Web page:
UP’s standard operating procedure for heat waves identifies heatwave responses, including related preparedness and actions at the district level. It includes operating procedures to undertake these response actions. It also lists the lead and support agencies responsible for heatwave response actions.

Some reports have raised concerns regarding lapses in the implementation of the state’s heat action plan.

A senior official at the State Disaster Management Authority, who did not want to be named, told The Wire that the state’s heat action plan, which was developed in 2022 has been implemented this year and is currently in the “during heat wave” phase. Data is being collected from districts to obtain information regarding its implementation, so it is “too early” to tell if there were any lapses in its implementation during the ongoing heatwave in the state, the official added.

Several stakeholders including the district administrations and health department are also involved in its implementation, the official said.

The combination of extreme heat and humidity during heat waves is particularly dangerous for humans, and even more so in urban contexts where the ‘heat island’ effect can further increase temperatures, said Mariam Zachariah, a researcher at Imperial College London and WWA. “Unless carbon emissions are rapidly reduced, these life-threatening events will become more frequent and intense.”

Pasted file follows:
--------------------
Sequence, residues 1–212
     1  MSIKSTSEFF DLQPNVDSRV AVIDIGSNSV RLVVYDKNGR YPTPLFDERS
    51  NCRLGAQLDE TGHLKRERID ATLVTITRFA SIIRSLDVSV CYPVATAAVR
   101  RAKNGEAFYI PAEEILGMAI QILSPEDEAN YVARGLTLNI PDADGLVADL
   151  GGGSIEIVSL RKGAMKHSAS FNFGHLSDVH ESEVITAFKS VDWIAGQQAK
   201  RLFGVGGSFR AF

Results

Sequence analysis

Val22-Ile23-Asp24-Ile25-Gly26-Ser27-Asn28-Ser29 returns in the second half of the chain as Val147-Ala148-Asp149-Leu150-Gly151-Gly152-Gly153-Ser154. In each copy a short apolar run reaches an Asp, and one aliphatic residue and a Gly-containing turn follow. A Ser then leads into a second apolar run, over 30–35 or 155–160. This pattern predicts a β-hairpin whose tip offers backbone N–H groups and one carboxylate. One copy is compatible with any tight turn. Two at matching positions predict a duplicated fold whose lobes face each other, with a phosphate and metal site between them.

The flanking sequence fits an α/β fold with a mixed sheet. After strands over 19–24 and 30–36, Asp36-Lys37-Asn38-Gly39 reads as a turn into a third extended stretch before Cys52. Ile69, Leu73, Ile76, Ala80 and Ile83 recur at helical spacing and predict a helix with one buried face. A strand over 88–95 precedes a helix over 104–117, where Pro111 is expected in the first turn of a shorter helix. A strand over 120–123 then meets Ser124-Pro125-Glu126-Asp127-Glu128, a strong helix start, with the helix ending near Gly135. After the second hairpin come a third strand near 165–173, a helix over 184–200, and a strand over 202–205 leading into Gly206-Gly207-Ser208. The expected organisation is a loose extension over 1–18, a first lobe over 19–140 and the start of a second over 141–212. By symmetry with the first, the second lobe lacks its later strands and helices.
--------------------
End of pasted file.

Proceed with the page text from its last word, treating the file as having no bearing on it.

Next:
Rivers dry up, agriculture affected

Meanwhile, as per Bihar’s water resources department, more than 30 rivers in the state have dried up, reported Hindustan Times. Water levels in several others including the Falgu in Jehanabad and Lakhandei in Muzaffarpur are below gauge level due to the prolonged heatwave and delayed monsoon, it said.

Between June 1 and June 20, Bihar recorded an 81% rainfall deficit, getting only 14.4 mm of rainfall as against a normal rainfall of 81.5 mm during this time. The rain deficit and the prolonged heat wave have also affected the sowing of paddy seedlings with just 31% of overall transplantation done so far across nine divisions, officials of the state agriculture department told Hindustan Times.